JUST days after it was announced that BP was pulling out of its Great Australian Bight drilling commitments, it was revealed that the global oil and gas major would be joining Australian junior Cue Energy Resources to expore off the north west coast of WA.

Cue Exploration Pty Ltd has executed agreements with BP Developments Australia Pty Ltd to acquire equity in the North West Shelf exploration permits WA-409-P and WA-359- P in the Carnarvon Basin.

BP will acquire 80% equity and be Operator of WA-409-P and will fund 100% of the work programme required under the permit for the first three years of the licence renewal. BP also has an option through to May 2017 to acquire 42.5% equity in WA-359-P. If BP exercise this option, 50% of the cost of drilling a well in WA-359-P will be funded.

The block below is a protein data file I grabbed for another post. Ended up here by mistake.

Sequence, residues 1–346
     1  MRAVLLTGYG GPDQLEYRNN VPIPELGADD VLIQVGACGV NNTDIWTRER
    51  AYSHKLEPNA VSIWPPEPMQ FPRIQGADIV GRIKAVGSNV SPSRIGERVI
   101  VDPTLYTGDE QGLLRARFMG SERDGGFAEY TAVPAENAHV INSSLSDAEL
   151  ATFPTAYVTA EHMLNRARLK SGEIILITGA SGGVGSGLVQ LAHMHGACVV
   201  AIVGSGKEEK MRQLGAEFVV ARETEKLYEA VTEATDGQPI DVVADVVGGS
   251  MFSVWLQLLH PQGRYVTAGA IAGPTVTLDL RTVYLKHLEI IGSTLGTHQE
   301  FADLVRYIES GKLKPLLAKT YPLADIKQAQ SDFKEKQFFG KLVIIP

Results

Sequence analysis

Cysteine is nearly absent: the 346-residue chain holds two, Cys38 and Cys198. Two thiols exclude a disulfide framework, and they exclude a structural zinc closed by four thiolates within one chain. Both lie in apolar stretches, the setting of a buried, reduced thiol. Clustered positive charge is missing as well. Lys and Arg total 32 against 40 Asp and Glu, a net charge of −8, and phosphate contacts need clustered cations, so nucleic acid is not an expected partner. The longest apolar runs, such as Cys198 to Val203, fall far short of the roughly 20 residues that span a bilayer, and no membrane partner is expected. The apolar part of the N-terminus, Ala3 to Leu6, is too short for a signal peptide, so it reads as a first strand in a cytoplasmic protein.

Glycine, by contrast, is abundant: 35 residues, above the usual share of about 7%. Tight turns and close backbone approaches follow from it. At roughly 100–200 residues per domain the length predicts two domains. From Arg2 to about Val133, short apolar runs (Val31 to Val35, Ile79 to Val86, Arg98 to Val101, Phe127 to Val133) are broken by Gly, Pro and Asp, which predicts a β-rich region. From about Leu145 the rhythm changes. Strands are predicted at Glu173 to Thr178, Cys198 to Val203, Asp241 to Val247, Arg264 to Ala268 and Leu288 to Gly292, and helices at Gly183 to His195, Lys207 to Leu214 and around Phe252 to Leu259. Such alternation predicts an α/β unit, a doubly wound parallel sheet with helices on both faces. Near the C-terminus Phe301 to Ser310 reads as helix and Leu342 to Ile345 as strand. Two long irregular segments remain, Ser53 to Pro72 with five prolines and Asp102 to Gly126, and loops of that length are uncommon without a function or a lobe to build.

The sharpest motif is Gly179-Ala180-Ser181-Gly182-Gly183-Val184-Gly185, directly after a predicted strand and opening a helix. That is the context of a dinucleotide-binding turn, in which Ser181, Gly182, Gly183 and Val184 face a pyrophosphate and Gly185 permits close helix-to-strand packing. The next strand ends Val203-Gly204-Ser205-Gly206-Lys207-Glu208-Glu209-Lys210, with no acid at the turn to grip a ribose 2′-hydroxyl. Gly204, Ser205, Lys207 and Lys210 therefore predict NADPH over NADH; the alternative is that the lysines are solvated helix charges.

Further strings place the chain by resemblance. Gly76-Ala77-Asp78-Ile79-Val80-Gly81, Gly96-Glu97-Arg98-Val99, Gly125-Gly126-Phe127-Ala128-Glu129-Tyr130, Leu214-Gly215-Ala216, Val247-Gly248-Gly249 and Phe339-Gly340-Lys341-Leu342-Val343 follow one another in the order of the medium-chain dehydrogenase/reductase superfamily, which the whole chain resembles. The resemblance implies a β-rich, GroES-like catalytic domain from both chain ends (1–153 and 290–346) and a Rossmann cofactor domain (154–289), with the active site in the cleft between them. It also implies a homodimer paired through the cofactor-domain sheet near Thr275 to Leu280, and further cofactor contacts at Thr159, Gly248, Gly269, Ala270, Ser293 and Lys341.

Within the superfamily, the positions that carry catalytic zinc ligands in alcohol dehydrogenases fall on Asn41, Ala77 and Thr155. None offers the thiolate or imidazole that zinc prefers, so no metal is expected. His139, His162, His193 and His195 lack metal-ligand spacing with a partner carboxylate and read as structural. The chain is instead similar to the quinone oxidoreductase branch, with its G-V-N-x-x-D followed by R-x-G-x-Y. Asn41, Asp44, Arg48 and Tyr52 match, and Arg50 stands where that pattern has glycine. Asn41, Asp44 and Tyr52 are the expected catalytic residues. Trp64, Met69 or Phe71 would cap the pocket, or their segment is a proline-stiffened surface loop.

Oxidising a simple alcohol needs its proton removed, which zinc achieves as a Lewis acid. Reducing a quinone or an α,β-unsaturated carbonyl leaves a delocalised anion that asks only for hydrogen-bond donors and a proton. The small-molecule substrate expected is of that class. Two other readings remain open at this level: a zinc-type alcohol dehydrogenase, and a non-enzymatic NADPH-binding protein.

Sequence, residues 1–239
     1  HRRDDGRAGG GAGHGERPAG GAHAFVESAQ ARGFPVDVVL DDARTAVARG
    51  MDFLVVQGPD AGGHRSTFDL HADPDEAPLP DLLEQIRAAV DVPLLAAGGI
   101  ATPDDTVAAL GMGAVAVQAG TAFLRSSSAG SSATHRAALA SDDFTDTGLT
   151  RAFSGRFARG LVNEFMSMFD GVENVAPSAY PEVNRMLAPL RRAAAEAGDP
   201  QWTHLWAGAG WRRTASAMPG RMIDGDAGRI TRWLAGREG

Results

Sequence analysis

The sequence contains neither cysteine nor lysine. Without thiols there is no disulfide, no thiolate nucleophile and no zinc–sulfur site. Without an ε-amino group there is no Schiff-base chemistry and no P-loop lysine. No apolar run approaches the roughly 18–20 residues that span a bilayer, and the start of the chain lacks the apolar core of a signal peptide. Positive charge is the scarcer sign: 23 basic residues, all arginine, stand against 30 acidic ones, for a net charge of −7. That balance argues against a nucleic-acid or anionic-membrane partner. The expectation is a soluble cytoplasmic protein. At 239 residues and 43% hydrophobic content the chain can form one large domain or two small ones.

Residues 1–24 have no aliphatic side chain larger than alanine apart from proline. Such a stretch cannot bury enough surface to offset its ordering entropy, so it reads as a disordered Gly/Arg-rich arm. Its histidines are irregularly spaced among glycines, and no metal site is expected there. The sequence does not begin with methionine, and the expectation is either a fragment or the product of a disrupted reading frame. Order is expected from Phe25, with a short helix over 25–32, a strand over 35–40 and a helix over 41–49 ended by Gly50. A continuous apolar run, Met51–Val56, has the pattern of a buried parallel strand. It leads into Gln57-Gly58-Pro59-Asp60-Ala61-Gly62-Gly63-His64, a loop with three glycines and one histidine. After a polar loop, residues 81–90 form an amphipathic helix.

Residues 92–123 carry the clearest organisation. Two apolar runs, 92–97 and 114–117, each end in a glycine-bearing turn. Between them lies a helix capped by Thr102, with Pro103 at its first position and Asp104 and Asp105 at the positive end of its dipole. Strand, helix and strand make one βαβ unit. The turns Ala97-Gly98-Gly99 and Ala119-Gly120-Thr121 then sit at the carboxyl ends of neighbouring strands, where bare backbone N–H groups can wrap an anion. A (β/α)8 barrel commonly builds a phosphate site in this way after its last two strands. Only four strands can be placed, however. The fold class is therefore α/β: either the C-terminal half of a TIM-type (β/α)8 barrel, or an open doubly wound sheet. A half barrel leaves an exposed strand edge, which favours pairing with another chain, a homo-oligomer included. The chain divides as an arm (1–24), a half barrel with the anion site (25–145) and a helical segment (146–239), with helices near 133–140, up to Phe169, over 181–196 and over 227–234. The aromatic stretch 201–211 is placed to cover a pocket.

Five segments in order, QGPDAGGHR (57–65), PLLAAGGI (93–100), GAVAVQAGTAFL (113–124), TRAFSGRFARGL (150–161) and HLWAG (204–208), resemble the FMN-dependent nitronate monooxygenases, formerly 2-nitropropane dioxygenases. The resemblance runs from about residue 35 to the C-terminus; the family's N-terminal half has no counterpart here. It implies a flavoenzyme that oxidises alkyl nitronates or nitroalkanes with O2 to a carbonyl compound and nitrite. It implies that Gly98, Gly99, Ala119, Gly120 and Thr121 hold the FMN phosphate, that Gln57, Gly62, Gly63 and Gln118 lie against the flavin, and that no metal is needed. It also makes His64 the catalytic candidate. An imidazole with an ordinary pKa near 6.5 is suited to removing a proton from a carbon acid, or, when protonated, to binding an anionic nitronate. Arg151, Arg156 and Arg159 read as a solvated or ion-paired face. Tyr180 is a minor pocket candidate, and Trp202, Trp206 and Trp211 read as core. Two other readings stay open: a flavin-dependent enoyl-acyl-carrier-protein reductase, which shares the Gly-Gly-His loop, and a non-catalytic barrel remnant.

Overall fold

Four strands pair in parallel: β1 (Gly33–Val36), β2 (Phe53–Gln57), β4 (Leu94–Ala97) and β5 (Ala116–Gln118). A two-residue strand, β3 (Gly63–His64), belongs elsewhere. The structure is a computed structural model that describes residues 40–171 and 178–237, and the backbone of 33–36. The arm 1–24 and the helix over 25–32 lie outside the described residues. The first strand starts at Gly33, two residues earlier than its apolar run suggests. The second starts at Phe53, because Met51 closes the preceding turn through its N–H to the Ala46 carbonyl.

Cue said BP will also assist it in securing a suitable partner or partners to join them to drill an exploration well in WA-359-P, scheduled for the first half of 2018.

The main target for the new exploration JV will be the Ironbark prospect previously identified by Cue via comprehensive regional study using 15,000 sq. km of 3D and 2D seismic data and 17 well ties to map the Triassic intra-Mungaroo sands (as encountered at the Gorgon gas field).

Ironbark, which straddles the WA-359-P and WA-409-P permits in moderate water depths has been mapped with an area of up to 400 sq. km with a best technical estimate of 15 trillion cubic feet (tcf) of prospective recoverable gas resource1 based on an internal technical assessment performed by Cue.

“The Ironbark prospect has the potential to fundamentally alter the value of Cue. If Cue’s assessment is proven to be correct, Ironbark would be three times the size of the Scarborough, Wheatstone, or Pluto fields,” Cue executive chairman, Grant Worner, said.

Mr Worner said BP’s technical expertise and knowledge of the Carnarvon Basin through their long participation in the North West Shelf Joint Venture was significant.